ngin - Norfolk Genetic Information Network
29 january 2003


What are the US-dominated World Food Programme up to in Africa?

On the 29th October 2002 the Government of Zambia announced that it had decided not to reverse its earlier rejection of GM food aid "in view of the current scientific uncertainty surrounding the issue". It then became clear that the WFP had made no move to remedy the situation - by bringing in alternative food supplies and removing the GM food aid - since the Zambian Government first formally announced its rejection of GM food aid back in June.

The reason for this dangerous delay? According to a report in Afrol News:

"Only now [ie 4 months later!!], further supplies of food aid had been ordered..." UN agencies had been expecting a change in government mind until the last moment. The decision not to order non-GM food aid until now has been observed as direct pressure against the Zambian government." ("Continued pressure against Zambia on GM food", 30th October 2002)

The WFP continues to promote GM food to the hungry and continues its dangerous go slow in Zambia.

1.Nothing Wrong with GM Food, Famine-threatened Ugandans Told
2.WFP urged to remove GM relief food in Zambia


1.Nothing Wrong with GM Food, Famine-threatened Ugandans Told

Betterhumans Staff

[Tuesday, January 28, 2003] With more than 800,000 people facing starvation, Uganda will accept donations of genetically modified food this April.

"Americans are also eating this food and there is nothing wrong with it," World Food Programme country director Ken Noah Davies told a press conference at WFP headquarters in Kampala.

Davies was announcing a 24,000-ton donation of cereals from the US aimed at preventing famine in northern Uganda.

Thirty percent of crops grown in the US are genetically modified, Davies noted, meaning the donation would likely contain modified foods.


2.WFP urged to remove GM relief food in Zambia

Source - Xinhua News Agency (Eng)
Wednesday, January 29, 2003  01:26

LUSAKA, Jan. 28 (Xinhua) -- Zambia has appealed to the World Food Program (WFP) to remove the Genetically Modified relief food stocks still stored in various sheds around the country to stop the growing tendency of looting by hunger-stricken villagers, Deputy Minister in the Office of Vice President Steven Mukuka told Zambia News Agency on Tuesday.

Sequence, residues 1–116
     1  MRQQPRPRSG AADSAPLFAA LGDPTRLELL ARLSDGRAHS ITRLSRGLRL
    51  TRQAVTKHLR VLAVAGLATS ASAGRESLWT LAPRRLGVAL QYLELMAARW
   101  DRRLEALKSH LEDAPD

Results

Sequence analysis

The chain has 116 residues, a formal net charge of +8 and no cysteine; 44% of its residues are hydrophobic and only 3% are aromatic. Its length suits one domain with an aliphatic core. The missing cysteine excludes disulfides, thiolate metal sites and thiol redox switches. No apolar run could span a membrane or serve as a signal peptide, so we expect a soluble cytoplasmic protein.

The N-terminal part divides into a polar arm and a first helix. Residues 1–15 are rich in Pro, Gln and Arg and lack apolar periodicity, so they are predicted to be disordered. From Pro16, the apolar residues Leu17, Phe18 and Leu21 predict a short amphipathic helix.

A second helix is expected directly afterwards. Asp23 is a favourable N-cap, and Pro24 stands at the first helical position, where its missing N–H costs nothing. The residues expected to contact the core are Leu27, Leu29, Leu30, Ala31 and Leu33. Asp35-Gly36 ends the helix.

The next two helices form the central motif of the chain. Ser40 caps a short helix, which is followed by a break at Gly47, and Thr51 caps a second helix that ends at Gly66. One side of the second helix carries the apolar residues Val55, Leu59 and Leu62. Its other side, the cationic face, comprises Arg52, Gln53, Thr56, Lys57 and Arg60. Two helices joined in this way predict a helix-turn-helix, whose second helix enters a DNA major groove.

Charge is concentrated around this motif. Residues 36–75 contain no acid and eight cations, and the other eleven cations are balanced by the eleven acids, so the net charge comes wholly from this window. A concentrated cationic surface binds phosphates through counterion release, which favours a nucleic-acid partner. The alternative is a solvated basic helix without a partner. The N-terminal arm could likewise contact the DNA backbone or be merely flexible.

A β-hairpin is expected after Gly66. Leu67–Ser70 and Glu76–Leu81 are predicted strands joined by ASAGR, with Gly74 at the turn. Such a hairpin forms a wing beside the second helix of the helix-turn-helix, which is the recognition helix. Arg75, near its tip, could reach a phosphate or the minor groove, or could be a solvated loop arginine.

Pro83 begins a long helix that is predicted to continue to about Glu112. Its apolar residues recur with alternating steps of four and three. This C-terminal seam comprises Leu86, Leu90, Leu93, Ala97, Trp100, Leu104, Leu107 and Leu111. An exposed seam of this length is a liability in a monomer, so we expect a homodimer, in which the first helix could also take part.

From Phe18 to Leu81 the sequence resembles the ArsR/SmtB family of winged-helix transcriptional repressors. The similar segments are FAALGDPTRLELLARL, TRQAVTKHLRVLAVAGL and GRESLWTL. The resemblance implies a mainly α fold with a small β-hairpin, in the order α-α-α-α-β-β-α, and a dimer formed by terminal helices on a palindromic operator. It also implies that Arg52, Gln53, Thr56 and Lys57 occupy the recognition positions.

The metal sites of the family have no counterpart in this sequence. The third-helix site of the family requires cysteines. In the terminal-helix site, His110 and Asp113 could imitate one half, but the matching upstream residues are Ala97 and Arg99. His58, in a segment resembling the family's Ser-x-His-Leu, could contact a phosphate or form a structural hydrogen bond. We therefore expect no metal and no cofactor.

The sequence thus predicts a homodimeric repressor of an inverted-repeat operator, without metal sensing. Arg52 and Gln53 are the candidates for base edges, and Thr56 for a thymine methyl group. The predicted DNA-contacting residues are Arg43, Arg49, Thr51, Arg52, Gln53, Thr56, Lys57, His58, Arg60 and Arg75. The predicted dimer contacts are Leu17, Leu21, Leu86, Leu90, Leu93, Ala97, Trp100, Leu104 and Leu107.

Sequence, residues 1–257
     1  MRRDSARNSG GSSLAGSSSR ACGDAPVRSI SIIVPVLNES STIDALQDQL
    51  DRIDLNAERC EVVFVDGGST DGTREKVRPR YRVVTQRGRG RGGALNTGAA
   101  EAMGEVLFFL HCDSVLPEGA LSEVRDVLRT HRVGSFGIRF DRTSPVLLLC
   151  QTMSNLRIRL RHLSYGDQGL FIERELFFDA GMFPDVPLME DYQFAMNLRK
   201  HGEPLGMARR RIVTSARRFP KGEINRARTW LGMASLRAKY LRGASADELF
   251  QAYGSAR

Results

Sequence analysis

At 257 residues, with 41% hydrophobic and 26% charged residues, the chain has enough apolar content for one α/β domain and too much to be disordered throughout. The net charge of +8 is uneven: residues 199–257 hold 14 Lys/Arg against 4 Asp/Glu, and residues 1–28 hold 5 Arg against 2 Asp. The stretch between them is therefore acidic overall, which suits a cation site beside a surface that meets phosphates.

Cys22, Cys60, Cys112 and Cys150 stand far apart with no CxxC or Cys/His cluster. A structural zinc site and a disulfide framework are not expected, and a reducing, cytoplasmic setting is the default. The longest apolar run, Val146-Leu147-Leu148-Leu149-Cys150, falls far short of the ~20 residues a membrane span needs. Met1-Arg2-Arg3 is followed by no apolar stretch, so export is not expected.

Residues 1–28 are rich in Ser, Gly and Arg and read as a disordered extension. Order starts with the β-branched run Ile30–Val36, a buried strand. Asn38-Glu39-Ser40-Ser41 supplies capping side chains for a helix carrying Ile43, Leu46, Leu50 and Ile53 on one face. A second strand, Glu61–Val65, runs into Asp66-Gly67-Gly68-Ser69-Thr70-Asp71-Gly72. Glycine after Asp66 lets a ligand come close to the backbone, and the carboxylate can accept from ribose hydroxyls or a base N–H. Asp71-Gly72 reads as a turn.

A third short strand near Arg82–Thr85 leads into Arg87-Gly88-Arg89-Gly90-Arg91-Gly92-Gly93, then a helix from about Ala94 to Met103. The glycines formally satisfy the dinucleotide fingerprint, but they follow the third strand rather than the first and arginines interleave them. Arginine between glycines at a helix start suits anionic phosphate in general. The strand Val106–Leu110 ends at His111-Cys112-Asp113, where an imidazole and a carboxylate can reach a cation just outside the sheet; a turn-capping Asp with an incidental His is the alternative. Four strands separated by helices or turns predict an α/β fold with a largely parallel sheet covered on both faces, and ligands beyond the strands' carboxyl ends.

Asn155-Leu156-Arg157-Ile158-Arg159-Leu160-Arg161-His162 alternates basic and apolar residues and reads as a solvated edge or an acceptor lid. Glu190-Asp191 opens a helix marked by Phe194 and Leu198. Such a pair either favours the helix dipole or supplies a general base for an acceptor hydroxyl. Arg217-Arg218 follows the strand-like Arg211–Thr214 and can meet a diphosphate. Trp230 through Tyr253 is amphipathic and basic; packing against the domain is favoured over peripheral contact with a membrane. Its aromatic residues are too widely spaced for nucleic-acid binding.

The GM relief foodstuff - mainly maize has been stuck in storage sheds around the country since the government rejected them last year because their repercussions, after consumption, on human life were not known.

Mukuka expressed the government's concern at the pace at which the GM stocks were being shipped out of the country. He said the government would like to see the said stocks quickly taken to countries where it had been accepted.

"About ten months ago, our office requested the WFP to remove the stocks from the places where it had been taken for storage because the government had rejected it," Mukuka said.

He called on the WFP to look at the situation as being critical especially with the recent looting of the GM mealie meal in Southern Province's Sinazongwe District.

Mukuka added that it is important to respect the government's decisions and that if the WFP needed help in removing the relief food, the government was ready to assist in any way possible.

Mukuka who described the Sinazogwe incident as unfortunate warned that if the GM relief food stocks were not urgently removed, the trend was likely to spread to other parts of the country where the stocks were still stored.

He further appealed to the Zambian people to respect and understand government's decision on the rejected GM relief food as it has maintained that stance.

He also warned that looters of the GM relief food risk being prosecuted.

Over 6,000 hungry villagers in Sinazongwe looted 4,305 by 25 kg GM mealie meal over the weekend after beating up a police constable guarding the grain.
"It's wicked, when there is such an excess of non-GM food aid available, for GM to be forced on countries for reasons of GM politics... if there is an area where anger needs to be harnessed it is here."  UK Environment Minister, Michael Meacher, November 27, 2002

"The simple solution is for the US to behave as a real aid donor," says EU commissioner Pascal Lamy, and not use its food aid to "dispose of its genetically modified crop surpluses."

"[UK Prime Minister] Blair's chief scientific adviser denounced the United States' attempts to force the technology into Africa as a 'massive human experiment'. In a scathing attack on President Bush's administration, Professor David King also questioned the morality of the US's desire to flood genetically modified foods into African countries, where people are already facing starvation in the coming months."  The Observer, UK, Sep 1, 2002

"..there is no shortage of non-GMO foods which could be offered to Zambia by public and private donors. To a large extent, this 'crisis' has been manufactured (might I say, 'engineered') by those looking for a new source of traction in the evolving global debate over agricultural biotechnology. To use the needs of Zambians to score 'political points' on behalf of biotechnology strikes many as unethical and indeed shameless. "  Dr Chuck Benbrook, a leading US agronomist and former Executive Director of the Board on Agriculture for the US National Academy of Sciences

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